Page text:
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If and when anyone asks me what I am—in reference to my racial or ethnic background—I always answer black. I never made a conscious choice to choose the label of black over African American, I just say what feels natural and like an appropriate description considering I have no immediate ties to or specific knowledge of my African ancestry, which is as diverse country to country as the seven continents themselves.

But just because I personally choose to use the word black doesn’t mean I take issue with being referred to as an African American woman. If someone were to ask me if that’s what I was, I would answer yes and go on about my day, but it appears I may be in the minority with that outlook. The semantic debate over the interchangeability of the terms black and African American is rearing its head once again, and members of the community who want to be labeled as black are being quite vocal about that preference. recently did a write up on 38-year-old Gibre George, a man in Miami who started a Facebook page titled “Don’t Call Me African-American” to openly state his opinion. Turns out, he’s hardly alone. About 1,900 people have liked his page, and nearly the same number are talking about it. The about statement for the page states, “If you have to call me African then you have to call everyone African,” and in an interview with the Atlanta-Journal Constitution, Gibre said the term African American “just doesn’t sit well with a younger generation of black people.”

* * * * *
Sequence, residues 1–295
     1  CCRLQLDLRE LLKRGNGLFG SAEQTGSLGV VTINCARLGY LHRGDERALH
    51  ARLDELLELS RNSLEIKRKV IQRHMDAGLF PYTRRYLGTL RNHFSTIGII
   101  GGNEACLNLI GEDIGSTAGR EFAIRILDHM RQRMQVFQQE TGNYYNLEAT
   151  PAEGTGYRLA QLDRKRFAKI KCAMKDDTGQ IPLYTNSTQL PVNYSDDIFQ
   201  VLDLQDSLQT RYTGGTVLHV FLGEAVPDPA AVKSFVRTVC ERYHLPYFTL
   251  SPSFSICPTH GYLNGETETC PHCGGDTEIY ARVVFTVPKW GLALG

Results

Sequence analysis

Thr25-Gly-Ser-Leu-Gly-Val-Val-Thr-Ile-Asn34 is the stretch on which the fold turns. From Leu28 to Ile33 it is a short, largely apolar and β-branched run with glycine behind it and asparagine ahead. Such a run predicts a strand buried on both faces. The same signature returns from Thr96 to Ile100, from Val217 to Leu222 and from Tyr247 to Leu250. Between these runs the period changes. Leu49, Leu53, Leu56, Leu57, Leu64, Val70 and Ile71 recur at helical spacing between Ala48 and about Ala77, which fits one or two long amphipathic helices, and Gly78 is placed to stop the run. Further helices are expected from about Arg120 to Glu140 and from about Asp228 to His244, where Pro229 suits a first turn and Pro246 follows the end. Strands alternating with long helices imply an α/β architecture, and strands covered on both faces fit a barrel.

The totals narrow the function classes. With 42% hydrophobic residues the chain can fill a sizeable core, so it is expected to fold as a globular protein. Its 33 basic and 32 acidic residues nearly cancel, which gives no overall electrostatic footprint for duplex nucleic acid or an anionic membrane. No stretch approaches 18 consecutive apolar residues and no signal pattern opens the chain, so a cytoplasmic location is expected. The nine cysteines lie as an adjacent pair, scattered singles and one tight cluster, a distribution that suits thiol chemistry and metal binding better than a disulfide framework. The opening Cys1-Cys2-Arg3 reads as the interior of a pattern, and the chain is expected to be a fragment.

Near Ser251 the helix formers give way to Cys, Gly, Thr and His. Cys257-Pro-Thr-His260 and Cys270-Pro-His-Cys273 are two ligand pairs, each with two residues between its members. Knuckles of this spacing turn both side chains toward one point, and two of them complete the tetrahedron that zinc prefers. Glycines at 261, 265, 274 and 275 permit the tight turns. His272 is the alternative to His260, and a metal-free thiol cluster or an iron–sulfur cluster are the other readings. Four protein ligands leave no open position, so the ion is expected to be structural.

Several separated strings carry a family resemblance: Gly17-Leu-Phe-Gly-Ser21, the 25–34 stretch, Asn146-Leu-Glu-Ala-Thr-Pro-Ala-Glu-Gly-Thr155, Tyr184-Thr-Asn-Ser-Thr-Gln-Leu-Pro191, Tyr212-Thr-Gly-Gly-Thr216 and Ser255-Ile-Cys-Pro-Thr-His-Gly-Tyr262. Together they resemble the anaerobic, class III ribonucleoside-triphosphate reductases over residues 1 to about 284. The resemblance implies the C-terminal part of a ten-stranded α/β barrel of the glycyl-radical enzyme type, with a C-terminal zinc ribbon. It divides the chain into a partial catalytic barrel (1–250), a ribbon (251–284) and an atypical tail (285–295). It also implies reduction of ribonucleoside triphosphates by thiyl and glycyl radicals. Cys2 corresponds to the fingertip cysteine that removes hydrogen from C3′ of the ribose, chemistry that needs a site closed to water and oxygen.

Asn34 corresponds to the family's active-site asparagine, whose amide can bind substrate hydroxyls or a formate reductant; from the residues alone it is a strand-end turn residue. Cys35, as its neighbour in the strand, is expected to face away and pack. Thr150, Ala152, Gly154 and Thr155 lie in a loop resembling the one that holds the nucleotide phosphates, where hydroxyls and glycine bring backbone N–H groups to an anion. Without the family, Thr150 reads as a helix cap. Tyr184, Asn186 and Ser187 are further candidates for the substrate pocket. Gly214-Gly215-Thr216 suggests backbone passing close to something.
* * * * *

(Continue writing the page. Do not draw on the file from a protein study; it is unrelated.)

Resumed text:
“We respect our African heritage, but that term is not really us. We’re several generations down the line. If anyone were to ship us back to Africa, we’d be like fish out of water.”

“Africa was a long time ago. Are we always going to be tethered to Africa? Spiritually I’m American. When the war starts, I’m fighting for America.”

Gibre’s last point brings up another label of preference that some black/African Americans prefer, which is simply American. I’ve never been a fan of simply calling myself American. I get the point of erasing racial identity and enthusing solidarity as united citizens of the United States, but my ethnicity has always been more important to me than my nationality—maybe that’s why “black” tends to do it for me nine times out of 10.

I get the idea of being heavily removed from our African heritage, but being disconnected doesn’t mean you can just disassociate with what your ethnic makeup truly is. It’s unfortunate that due to our history in this country, we’re not able to call ourselves sixth generation Italian Americans or ninth generation German Americans like many white people do, but that doesn’t mean that some of us do not have that same type of lineage as African Americans though we’re not aware of the specifics.

The strong aversion to the term African American seems to do less with the term not being applicable and more with concern about how that label is intrinsically linked to our slave past and whether identifying as such makes us less American in others eyes.

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